Presidential elections seldom bring major change to American foreign policy. Historically, even when control of the White House has passed from one of the two major political parties to the other—no matter how severely the incoming President has criticized the foreign policies of his predecessor—initially there has been considerable continuity in the nation’s relations with the rest of the world. Instead, cataclysmic events have altered the American role in the world: the sinking of the battleship Maine in Havana harbor on February 15, 1898; the Japanese attack on Pearl Harbor on December 7, 1941; the opening of the Berlin Wall on November 9, 1989, and the dissolution of the Soviet Union two years later; the terrorist assaults on New York and Washington, DC, on September 11, 2001.
The election of Donald Trump, however, may prove to be just such a transformational event. It has the potential to overturn the role that the United States has played in international affairs since World War II.
That role has had two parts. The United States has served as the mainstay of the open international economic order that has flourished and expanded since 1945. It has also served as the mainstay of a global security order that, if it has not brought unbroken peace, has at least made the world more peaceful than it would have been without America’s global presence, policies, and commitments. The United States has, that is, furnished to the world some of the services that individuals rely on their governments to provide.
The United States has used one particular instrument of policy for its economic role and a different one in security affairs. The American policy of free trade has underpinned the economic order, and the American system of alliances has supported global security. Now both are in jeopardy.
President-elect Trump made his opposition to both of them prominent in his campaign. He denounced the trade agreements that previous Presidents have negotiated, and he threatened stiff tariffs on Chinese-made goods entering the United States. As for alliances, he gave the impression that he regards them as akin to real estate deals, which are not worth having unless the United States comes out ahead financially, and that the existing alliances do not pass that test.
There is another reason for skepticism that the next Administration will continue the basic foreign policies of the past 12—and this reason is unrelated to Trump’s presidential campaign. For seven decades the United States has functioned as the world’s de facto government, but the American public has never explicitly authorized this global role. Indeed, when polls have asked Americans whether this is what their country should be doing in the world, the responses have generally ranged from dubious to hostile.
The country initially assumed this responsibility in the form of policies that, while providing a large measure of global governance, were adopted for the explicit purpose of waging the Cold War and thus protecting the United States itself. Americans supported alliances for this purpose, and they supported freeing trade on the grounds that it strengthened those alliances. When the Cold War ended, the original rationale disappeared, but the policies, and the institutions that carried them out, continued—through the force of inertia, and because they cost the public very little. Now, however, a large slice of the American electorate has made it clear, through its presidential vote, that it regards the nation’s trade policies as wrong-headed and injurious; and now Russia, China, and Iran are devoting themselves to raising the cost of America’s security commitments in Europe, Asia, and the Middle East. In these circumstances, it is reasonable to question whether the seven-decades-old foreign policy of the United States will survive.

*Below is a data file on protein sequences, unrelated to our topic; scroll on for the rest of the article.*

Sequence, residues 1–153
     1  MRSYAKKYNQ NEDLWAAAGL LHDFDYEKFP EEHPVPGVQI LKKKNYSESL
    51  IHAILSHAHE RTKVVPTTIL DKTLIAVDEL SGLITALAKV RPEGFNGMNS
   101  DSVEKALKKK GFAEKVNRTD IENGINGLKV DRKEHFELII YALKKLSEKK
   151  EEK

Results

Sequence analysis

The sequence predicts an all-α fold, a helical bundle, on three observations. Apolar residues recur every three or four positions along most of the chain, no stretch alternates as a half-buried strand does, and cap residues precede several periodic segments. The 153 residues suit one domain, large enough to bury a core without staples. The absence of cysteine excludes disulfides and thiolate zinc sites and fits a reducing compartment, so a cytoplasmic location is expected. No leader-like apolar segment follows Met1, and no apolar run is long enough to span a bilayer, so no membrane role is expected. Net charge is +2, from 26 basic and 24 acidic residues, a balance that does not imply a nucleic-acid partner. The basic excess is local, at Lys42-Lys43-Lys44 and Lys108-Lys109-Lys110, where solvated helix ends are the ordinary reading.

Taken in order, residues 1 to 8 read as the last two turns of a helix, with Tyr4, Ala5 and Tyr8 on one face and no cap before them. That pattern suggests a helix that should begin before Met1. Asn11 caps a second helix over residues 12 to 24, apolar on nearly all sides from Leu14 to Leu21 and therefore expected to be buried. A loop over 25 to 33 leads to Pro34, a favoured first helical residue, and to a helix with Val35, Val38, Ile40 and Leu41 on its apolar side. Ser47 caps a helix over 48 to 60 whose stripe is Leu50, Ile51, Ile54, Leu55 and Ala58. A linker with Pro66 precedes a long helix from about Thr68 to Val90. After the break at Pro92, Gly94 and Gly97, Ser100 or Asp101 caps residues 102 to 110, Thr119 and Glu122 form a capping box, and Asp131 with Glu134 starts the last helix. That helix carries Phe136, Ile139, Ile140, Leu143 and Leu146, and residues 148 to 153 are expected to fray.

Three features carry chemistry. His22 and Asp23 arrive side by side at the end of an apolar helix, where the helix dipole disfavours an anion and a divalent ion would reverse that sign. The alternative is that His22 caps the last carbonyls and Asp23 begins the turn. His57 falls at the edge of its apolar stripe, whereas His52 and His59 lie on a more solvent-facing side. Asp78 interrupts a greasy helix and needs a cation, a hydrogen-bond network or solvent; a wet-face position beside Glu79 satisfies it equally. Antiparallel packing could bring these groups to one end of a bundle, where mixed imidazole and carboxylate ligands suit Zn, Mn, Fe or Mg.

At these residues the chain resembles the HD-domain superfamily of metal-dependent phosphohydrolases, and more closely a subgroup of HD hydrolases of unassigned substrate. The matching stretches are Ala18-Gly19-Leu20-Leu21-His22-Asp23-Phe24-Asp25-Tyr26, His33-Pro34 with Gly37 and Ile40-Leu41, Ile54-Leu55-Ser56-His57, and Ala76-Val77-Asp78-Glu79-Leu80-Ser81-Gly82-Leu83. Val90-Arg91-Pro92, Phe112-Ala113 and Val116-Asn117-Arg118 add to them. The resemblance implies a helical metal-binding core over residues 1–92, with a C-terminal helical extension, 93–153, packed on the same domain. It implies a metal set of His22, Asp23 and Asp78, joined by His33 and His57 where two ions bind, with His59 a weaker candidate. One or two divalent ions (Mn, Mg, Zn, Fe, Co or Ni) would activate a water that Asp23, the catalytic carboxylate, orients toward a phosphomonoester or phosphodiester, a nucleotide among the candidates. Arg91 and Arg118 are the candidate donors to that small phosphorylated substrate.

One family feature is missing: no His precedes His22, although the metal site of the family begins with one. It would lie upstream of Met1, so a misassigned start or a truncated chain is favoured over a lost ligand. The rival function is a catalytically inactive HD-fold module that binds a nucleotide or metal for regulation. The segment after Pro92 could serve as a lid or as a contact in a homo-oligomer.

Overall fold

At this point, caveats are in order: the end of the post-1945 version of American internationalism is not foreordained. The status quo in foreign policy, as in other areas of public policy, is deeply entrenched and therefore difficult to uproot. The departments and agencies responsible for the country’s now-traditional role in the world are filled with people who have devoted their professional lives to it and will certainly oppose abandoning it. Republican Members of Congress, with whom Mr. Trump will have to work, tend to favor more robust international engagement than his rhetoric suggests that he does. As the new Chief Executive becomes better acquainted with the realities of the world and what the United States does in and for it, he may change his mind about which policies serve the national interest: He would not be the first President to do so.
Moreover, the question of whether the United States should continue to provide governmental services to the world did not figure as a central issue in the campaign. It would be an exaggeration to say that the President-elect has a strong mandate to jettison the course that his 12 immediate predecessors steered. Still, to the not-very-great extent that the American public voted on foreign policy at all on November 8, they voted against this course.
If President Donald Trump adopts a staunchly protectionist trade policy, the world, and the United States, will become poorer. If he abandons the post-World II system of American alliances, the world, and the United States, will become less secure. And if those unhappy eventualities come to pass, many people—not only the American foreign policy establishment, which is wedded to the seventy-year-old policies, but also the governments of other countries, some harshly critical of the United States and, eventually, even Mr. Trump’s most ardent supporters—will be sorry.